The squadron was re-designated as the 153d Fighter Squadron and allotted to the Mississippi Air National Guard, on 24 May 1946. It was organized at Key Field, Meridian, Mississippi and was extended federal recognition on 12 September. The squadron was equipped with F-47D Thunderbolts and was allocated to the Fourteenth Air Force, Continental Air Command by the National Guard Bureau.

The unit was called to active federal service on 1 March 1951. This activation temporarily resulted in the dissolution of the Mississippi Air National Guard, as members were sent to various places, including for many, duty in the Korean War. The squadron was sent to Turner AFB, Georgia where it was assigned to the federalized 108th Fighter-Bomber Group with a mission to provide fighter escorts to Strategic Air Command B-50 Superfortress bombers on training missions. In December 1951 it was moved to Godman AFB, Kentucky where it replaced a unit deployed to England. It was released from active duty and returned to Mississippi state control on 10 November 1952.

Reformed in December 1952, being equipped with RF-51D Mustang reconnaissance aircraft. Performed tactical reconnaissance for Tactical Air Command, retiring the Mustangs in 1955 and flying RF-80C Shooting Star aircraft until 1956. Re-equipped with RF-84F Thunderflash reconnaissance aircraft.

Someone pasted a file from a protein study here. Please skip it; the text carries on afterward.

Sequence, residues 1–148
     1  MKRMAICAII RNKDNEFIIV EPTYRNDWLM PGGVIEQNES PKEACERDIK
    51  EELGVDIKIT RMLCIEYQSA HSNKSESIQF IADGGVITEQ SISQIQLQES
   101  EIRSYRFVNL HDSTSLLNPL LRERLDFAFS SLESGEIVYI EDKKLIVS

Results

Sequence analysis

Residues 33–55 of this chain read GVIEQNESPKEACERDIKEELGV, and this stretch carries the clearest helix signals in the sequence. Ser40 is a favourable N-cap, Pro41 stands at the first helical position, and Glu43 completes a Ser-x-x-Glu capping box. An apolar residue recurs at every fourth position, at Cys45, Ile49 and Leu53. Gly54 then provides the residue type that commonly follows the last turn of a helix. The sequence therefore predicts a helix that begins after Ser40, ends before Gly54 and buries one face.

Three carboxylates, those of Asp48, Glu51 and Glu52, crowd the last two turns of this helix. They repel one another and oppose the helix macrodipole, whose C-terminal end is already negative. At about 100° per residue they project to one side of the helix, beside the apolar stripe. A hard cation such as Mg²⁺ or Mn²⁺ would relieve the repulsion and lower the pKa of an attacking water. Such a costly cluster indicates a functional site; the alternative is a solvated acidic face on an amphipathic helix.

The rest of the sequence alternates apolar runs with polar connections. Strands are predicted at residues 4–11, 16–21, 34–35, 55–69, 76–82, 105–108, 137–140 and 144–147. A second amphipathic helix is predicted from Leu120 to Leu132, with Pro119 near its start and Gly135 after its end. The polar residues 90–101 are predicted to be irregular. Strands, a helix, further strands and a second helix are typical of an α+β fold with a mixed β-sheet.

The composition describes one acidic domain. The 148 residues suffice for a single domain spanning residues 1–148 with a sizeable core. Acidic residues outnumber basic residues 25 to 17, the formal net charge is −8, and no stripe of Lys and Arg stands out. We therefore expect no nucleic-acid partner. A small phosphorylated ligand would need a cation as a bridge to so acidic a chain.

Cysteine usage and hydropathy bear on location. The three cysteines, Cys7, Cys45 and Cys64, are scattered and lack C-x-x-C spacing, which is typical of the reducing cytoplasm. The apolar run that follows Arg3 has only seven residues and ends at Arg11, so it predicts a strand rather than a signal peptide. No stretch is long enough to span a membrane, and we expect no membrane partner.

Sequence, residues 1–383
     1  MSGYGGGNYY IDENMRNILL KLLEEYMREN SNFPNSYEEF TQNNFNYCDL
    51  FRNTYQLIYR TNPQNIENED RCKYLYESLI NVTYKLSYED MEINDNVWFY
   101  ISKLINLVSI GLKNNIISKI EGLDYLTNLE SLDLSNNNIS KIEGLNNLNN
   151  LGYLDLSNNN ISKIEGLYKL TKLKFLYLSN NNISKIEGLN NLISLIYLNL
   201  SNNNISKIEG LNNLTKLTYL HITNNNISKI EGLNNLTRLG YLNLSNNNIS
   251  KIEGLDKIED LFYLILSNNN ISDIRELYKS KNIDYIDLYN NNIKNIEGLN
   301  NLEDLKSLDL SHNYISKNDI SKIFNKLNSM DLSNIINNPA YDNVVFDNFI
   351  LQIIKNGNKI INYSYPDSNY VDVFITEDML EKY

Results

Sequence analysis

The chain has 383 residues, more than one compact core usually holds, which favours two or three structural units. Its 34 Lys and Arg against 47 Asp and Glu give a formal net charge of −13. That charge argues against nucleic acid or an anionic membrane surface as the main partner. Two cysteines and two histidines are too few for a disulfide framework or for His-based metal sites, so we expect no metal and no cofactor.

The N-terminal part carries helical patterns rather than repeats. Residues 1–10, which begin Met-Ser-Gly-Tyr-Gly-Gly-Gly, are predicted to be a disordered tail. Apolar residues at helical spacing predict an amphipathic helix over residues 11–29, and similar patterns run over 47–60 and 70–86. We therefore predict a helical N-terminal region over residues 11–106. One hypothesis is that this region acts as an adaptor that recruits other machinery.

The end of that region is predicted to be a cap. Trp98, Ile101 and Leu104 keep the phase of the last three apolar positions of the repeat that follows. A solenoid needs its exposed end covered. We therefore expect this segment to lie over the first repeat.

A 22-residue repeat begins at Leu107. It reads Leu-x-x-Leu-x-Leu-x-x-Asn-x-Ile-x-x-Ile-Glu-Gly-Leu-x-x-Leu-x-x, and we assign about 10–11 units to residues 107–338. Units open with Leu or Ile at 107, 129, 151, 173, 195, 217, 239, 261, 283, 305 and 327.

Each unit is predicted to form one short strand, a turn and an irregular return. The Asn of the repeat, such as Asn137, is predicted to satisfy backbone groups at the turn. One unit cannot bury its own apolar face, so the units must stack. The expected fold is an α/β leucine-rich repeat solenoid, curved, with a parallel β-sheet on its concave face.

At the height of the Cold War in 1961, the squadron was federalized as a result of tensions concerning the Berlin Wall. Part of the squadron remained at Key Field in an active-duty status for about a year before being released.

153d Tactical Reconnaissance Squadron RF-4C 66-0428 Tail Code: "KE"
153d Tactical Reconnaissance Squadron RF-4C 66-0428 Tail Code: "KE"

On 15 October 1962, the 153d was authorized to expand to a group level, and the 186th Tactical Reconnaissance Group was established by the National Guard Bureau. The 153d TRS becoming the group's flying squadron. Other squadrons assigned into the group were the 186th Headquarters, 186th Material Squadron (Maintenance), 186th Combat Support Squadron, and the 186th USAF Dispensary. In 1970 Tactical Air Command retired the RF-84s and they were replaced by the RF-101C Voodoo. In 1979 the Voodoos were again replaced by RF-4C Phantom IIs. RF-101C 56-0166, on display at the National Museum of the United States Air Force, served with the 186th TRG. The aircraft was flown directly from Key Field to the Wright-Patterson Air Force Base, Ohio on its final flight 27 October 1978.

In 1990 during the Gulf Crisis, several aircraft and support personnel were activated and deployed to Doha International Airport, Qatar, being part of the 35th Tactical Fighter Wing (Provisional) during Operation Desert Shield, Operation Desert Storm.